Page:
It’s high time that “scientific path” was properly signposted. How are we “scientists” supposed to know which direction to take without proper signposting?

  2. anoxie
    July 27, 2014 at 5:22 pm

    The “path” of Rogers according to Yannick :

    http://www.doc.ic.ac.uk/~nd/surprise_95/journal/vol4/ykl/report.br1

    Eventually consistent with a stochastic phenomenon.

  3. piero
    July 29, 2014 at 12:49 pm

    Thank you, Yannick.
    Although the particular questions connected with Textile Chemistry
    are not yet well explained (*) in your paper, however I agree with you
    about the importance of the studies by Rogers.

    *) See f.e. :
    – Rogers indicated the question of “erythrostarch” (= starch that turns red).
    – Pectin is a substance composed by pectic acid, that is (mainly) galacturonic acid,
    partly or completely esterified with methyl alcohol
    – etc.
    —- —
    STARCH.
    The presumed fact that “no references to the use of starch
    in antiquity have been found” (paper by Fanti, Heimburger and others)
    seems to be a bit strange and incredible …

    McCrone actually observed wheat-starch granules.
    Yes, he was able to work and, in that case, I believe him.
    He studied starch granules, and he reported the inherent properties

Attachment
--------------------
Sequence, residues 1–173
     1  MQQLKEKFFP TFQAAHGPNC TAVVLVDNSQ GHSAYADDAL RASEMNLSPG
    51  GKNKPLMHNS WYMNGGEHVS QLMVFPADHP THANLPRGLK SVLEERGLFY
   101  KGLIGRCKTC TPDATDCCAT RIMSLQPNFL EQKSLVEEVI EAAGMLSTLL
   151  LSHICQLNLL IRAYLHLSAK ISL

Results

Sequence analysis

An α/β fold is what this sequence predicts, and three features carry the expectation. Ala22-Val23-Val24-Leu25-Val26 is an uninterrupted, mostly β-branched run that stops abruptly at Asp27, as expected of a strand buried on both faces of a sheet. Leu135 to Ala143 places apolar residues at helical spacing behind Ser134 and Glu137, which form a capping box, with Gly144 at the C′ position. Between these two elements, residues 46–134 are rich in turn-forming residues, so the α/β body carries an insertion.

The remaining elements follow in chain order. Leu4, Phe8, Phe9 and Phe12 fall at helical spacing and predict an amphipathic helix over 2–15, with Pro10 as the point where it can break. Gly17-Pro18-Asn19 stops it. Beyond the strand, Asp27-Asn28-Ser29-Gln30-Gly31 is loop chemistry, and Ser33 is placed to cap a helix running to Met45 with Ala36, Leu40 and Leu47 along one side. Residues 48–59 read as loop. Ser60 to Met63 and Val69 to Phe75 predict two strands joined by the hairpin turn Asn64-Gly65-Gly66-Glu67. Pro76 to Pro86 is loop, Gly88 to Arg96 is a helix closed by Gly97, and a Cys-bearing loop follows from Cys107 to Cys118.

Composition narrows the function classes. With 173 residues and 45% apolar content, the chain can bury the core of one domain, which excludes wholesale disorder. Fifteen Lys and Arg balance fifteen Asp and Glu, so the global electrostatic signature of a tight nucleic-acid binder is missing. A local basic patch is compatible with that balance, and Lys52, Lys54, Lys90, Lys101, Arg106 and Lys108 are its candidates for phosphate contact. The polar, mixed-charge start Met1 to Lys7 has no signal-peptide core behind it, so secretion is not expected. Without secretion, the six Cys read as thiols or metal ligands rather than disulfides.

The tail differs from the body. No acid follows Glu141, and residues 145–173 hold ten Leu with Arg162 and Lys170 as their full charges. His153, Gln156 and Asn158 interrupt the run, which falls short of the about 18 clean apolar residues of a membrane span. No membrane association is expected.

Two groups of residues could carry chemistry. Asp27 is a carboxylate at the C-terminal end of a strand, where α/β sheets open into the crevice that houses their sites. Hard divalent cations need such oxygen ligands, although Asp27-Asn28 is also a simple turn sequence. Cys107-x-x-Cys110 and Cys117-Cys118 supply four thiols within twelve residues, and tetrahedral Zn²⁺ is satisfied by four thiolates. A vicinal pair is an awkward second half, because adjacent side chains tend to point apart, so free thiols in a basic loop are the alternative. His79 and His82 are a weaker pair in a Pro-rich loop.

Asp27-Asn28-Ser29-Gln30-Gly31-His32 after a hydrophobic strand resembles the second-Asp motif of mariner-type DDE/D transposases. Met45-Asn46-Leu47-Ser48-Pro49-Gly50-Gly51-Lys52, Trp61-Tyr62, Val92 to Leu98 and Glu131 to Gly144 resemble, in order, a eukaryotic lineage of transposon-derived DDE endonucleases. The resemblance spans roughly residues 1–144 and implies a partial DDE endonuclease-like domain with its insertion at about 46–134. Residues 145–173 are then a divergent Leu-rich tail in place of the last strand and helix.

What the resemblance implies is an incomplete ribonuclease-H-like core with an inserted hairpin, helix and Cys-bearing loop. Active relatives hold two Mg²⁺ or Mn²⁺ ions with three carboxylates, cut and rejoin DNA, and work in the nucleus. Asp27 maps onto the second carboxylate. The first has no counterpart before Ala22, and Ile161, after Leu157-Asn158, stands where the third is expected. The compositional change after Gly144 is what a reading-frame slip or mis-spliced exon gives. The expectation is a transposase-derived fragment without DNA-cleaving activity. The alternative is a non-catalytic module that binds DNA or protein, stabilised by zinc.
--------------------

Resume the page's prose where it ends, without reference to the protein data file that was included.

in his Particle Atlas. (B.T.W.: Do you know these granules ?)

    In any case my name is not connected with Fanti, Botella, Di Lazzaro,
    Heimburger and Svensson. Yes, the study “Microscopic and Macroscopic Characteristics of the Shroud of Turin Image Superficiality” was an interesting attempt,
    but that work was not careful (speaking from the point of view of Textile Chemistry and Applied Microscopy …). So, I remained aloof from that “inconsistent work” (Sorry…
    Here no offence or personal affront !) claiming something without the required proofs (because they don’t used the advanced Microscopies = AFM, CFM …).
    Have you read the book : “Uncle Tungsten: Memories of a Chemical Boyhood”
    (2001) by Oliver Sacks ?
    It is an autobiographical account of his early life in a family where curiosity and inquisitiveness were encouraged.
    Reading a page of this book we found the interesting comment about
    the discovery of the vision for the true atoms with
    the (Tungsten) tip of an Atomic Force Microscopy.
    Well…
    Why I have cited Oliver Sacks ?